Keith Broni

Editor In Chief at Emojipedia
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Keith Broni is the Editor in Chief of Emojipedia. He oversees the site's day-to-day operations and editoral output, includes researching global emoji trends, monitoring changes to emoji design sets. He was previous an emoji communication consult with the title "The Emoji Translator" and was briefly a meme when he held this title.

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  • "People’s emoji usage is very contingent on demographic factors. We’ve already seen some very amusing cases of differences in understanding with millennials and older generations, the classic example being the eggplant and the peach, and it’s guaranteed to be the same between millennials and Gen Z-ers.

    For example, the very slightly smiling face is a prime area of more ironic use than perhaps even millennials realize. It can veer into passive-aggressive territory. Many of the other icons could be used highly ironically as well. The thinking face is going to be a key area of misunderstanding."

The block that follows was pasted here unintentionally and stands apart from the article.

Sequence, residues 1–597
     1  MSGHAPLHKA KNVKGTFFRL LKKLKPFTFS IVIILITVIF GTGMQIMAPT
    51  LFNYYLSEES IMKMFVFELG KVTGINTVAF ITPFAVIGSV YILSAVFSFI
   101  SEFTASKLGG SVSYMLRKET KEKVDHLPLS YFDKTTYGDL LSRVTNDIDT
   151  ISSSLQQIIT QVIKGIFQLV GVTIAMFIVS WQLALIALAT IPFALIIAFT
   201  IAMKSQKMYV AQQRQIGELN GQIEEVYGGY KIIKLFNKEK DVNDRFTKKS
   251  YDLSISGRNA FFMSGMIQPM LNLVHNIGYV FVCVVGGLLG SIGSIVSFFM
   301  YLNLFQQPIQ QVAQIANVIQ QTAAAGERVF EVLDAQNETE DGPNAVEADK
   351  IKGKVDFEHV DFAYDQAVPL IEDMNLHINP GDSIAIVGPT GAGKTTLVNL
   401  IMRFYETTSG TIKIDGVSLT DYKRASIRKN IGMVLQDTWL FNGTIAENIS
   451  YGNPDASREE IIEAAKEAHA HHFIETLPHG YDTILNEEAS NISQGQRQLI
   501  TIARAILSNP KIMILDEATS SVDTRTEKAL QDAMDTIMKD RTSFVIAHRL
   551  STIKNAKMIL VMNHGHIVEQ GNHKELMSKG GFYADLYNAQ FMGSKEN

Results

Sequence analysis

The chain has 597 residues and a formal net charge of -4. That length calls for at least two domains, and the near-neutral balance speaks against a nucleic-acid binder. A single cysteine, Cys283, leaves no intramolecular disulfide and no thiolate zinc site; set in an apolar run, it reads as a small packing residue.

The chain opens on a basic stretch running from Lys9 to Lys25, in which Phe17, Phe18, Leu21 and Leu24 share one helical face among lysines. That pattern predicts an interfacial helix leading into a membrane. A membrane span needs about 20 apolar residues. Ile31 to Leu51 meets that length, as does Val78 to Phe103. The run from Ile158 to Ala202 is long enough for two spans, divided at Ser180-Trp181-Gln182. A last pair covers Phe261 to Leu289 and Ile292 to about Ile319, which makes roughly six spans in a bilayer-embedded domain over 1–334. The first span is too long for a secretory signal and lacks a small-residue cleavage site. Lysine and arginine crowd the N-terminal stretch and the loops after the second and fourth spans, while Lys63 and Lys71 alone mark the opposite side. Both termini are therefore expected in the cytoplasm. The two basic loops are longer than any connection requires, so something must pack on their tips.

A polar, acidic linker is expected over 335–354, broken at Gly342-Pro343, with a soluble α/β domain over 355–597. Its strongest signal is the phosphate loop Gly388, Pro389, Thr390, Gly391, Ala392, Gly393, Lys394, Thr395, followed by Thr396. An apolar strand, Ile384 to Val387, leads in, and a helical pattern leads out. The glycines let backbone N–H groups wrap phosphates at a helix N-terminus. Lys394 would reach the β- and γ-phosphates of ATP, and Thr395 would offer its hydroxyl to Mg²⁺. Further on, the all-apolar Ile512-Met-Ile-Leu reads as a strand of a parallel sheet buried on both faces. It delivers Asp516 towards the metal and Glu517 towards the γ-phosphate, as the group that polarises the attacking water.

• “It's actually being used, now more than ever before, as a symbol for laughter,” Keith said. “This is not completely new, people have been doing it for a while.

    “With the loudly crying face, the tears are so melodramatic, over the top, that people are saying, ‘This isn’t legitimate crying, it would be inappropriate to use this for expressing actual sadness’.

    “Not everybody agrees but people began to say, ‘No, this [loudly crying emoji] is laughter’.”

    And to take it a step further, Gen Z are adopting other unlikely emojis to convey humour and incorporating slang terms into their emoji use.

    “What we're seeing is the skull and skull and crossbones emoji is also now being used to mean laughter,” said Keith.

    “It’s a little striking and when you see it initially, ‘Why are there three skull emojis after this frivolous, silly message?’

    “Actually these emojis are being used to emulate the slang term ‘I’m dead’, which is a variation of the term ‘I’m dying’, which is a variation of the term ‘I’m dying from laughter’.

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